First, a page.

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Pegasus row: SC notice to Centre, WB on plea against setting up of Commission of Inquiry by state

The Supreme Court on Wednesday asked the Centre and West Bengal government to respond to a plea challenging the setting up of a Commission of Inquiry by the state to probe the Pegasus snooping allegations.

Pegasus row: SC notice to Centre, WB on plea against setting up of Commission of Inquiry by state
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New Delhi

A bench headed by Chief Justice N V Ramana issued notices to them and posted the matter for hearing on August 25. 

Advocate Saurabh Mishra, appearing for the petitioner, told the bench that the Commission of Inquiry should not conduct further proceedings in the interregnum. 

He told the bench, also comprising Justices Surya Kant and Aniruddha Bose, that public notice has been issued by the Commission of Inquiry and proceedings are taking place on a day-to-day basis. 

“We will see, wait”, the bench said and asked him to serve the copy of the petition to the respondents. 

The counsel argued that the petition challenges the notification, issued by the West Bengal government last month appointing a Commission of Inquiry to probe into the snooping allegations, on the ground of jurisdiction. 

“The problem is there is some inconsistency in your affidavit. You say you want inquiry, at the same time you are opposing the Commission of Inquiry,” the bench said, adding, “In your affidavit and in your petition, you must be consistent.”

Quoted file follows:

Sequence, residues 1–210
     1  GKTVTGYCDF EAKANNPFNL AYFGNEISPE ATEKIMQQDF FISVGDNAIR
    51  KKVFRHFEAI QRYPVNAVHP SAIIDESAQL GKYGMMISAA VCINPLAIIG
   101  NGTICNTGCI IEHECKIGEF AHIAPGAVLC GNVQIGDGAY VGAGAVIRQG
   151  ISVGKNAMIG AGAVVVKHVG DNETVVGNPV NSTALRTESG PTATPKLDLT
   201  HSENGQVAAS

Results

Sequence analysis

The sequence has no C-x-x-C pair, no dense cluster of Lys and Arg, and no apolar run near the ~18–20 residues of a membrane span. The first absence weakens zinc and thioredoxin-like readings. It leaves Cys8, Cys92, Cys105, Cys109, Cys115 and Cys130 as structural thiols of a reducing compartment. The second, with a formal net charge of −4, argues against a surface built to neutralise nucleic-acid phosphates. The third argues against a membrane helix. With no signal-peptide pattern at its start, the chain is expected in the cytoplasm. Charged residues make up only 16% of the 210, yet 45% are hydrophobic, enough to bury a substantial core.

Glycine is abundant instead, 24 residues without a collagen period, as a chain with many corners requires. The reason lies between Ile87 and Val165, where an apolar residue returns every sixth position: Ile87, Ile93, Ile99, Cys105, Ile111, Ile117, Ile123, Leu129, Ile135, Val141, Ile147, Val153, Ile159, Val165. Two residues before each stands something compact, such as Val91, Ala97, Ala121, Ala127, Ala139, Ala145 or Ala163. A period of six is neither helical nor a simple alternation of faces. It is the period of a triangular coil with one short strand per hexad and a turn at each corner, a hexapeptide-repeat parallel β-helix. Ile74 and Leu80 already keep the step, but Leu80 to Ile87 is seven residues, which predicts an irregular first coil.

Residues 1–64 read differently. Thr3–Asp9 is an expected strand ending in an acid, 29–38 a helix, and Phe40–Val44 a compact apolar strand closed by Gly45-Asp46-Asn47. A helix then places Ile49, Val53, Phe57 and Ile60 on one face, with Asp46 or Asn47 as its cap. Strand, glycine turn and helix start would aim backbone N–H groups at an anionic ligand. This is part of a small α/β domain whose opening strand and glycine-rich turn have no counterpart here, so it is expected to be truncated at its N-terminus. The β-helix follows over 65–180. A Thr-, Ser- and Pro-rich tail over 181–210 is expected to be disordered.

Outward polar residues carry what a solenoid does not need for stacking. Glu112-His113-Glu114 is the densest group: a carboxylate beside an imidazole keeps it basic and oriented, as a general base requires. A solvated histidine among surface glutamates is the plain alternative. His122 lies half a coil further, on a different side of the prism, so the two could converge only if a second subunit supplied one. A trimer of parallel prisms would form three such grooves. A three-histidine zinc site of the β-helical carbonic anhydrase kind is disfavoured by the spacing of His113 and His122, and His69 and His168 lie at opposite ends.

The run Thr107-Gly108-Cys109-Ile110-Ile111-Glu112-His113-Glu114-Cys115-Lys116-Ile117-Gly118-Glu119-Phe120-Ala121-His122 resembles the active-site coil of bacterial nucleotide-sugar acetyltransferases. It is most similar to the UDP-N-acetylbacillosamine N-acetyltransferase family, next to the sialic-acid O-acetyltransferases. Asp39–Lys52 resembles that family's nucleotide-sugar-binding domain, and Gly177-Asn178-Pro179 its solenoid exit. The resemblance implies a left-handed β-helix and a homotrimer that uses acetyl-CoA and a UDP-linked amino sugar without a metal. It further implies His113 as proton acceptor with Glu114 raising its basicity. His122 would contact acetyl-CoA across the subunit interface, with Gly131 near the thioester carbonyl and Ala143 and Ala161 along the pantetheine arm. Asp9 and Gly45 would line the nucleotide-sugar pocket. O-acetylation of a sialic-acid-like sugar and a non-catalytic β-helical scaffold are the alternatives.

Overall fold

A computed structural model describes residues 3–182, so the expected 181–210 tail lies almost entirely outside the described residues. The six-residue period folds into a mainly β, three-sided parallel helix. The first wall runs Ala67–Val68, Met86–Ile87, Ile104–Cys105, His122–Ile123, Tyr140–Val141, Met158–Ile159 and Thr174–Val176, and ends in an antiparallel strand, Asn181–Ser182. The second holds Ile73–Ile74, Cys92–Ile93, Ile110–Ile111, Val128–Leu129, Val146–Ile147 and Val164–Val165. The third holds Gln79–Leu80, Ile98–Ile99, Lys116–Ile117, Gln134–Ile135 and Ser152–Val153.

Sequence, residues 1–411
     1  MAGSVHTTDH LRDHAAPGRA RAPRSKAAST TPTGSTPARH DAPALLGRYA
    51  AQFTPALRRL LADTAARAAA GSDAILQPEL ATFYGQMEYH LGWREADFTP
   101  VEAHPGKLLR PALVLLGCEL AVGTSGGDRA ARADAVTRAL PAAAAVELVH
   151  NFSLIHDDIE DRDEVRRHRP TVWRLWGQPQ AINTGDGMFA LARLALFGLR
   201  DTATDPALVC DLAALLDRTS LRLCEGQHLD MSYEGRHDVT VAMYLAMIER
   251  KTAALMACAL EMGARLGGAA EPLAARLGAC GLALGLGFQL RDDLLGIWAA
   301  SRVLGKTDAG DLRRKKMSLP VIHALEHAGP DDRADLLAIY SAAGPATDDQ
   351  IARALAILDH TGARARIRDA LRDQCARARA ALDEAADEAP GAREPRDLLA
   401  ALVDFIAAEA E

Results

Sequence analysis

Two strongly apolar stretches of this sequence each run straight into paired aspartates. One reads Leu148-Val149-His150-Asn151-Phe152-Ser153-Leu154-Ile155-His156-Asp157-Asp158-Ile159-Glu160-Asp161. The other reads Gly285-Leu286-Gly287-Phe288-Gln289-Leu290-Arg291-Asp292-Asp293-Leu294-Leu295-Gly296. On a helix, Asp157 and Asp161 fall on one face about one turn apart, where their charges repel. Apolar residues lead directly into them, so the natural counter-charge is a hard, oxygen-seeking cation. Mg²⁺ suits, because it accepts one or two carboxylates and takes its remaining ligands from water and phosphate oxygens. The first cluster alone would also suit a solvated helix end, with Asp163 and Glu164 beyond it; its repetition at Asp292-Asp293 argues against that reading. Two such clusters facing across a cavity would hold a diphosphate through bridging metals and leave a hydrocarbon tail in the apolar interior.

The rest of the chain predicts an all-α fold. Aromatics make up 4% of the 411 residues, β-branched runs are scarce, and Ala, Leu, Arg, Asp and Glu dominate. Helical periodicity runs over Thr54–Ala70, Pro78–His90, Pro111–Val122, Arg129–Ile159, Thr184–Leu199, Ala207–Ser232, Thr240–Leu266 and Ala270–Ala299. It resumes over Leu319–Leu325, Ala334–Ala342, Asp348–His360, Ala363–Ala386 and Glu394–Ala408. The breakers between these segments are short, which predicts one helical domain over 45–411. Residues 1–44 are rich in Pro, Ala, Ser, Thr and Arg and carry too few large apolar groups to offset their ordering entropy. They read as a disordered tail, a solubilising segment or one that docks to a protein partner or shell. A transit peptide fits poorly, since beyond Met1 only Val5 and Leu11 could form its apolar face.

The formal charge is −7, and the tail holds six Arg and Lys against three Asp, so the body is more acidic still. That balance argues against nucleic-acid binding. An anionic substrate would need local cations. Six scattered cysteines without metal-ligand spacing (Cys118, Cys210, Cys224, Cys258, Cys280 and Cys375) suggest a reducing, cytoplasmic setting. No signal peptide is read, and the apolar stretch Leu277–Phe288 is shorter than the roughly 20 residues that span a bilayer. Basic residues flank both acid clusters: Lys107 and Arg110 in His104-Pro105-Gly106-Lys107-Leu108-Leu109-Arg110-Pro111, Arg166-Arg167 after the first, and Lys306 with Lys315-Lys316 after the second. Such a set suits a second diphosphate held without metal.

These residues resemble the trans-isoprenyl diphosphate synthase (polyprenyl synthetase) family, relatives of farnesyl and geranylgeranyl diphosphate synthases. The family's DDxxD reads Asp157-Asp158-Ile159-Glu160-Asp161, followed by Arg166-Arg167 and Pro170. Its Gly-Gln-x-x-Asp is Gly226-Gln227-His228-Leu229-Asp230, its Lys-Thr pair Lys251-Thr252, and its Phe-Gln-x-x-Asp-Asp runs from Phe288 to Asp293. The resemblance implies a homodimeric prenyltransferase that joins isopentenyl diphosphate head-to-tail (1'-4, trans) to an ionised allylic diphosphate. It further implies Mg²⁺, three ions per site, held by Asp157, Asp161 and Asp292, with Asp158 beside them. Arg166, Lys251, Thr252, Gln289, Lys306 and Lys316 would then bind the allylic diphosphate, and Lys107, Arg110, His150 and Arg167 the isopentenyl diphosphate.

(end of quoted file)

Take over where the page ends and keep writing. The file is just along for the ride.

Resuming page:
Solicitor General Tushar Mehta, representing the Centre, said he would be assisting the court on Constitutional questions involved in the matter. 

“This is unconstitutional is all I can say,” he told the bench. 

Former Supreme Court judge Justice Madan B Lokur and former chief justice of Calcutta High Court Justice Jyotirmay Bhattacharya are the members of the Commission of Inquiry announced by the West Bengal government last month. 

An international media consortium has reported that over 300 verified Indian mobile phone numbers were on the list of potential targets for surveillance using Pegasus spyware. 

The apex court had on Tuesday issued notice to the Centre on a batch of pleas seeking independent probe into the alleged Pegasus snooping matter, making it clear that it did not want the government to disclose anything which compromises national security. 

The top court was hearing a batch of pleas, including the one filed by Editors Guild of India, seeking independent probe into the snooping allegations. 

They are related to reports of alleged snooping by government agencies on eminent citizens, politicians and scribes by using Israeli firm NSO's spyware Pegasus.

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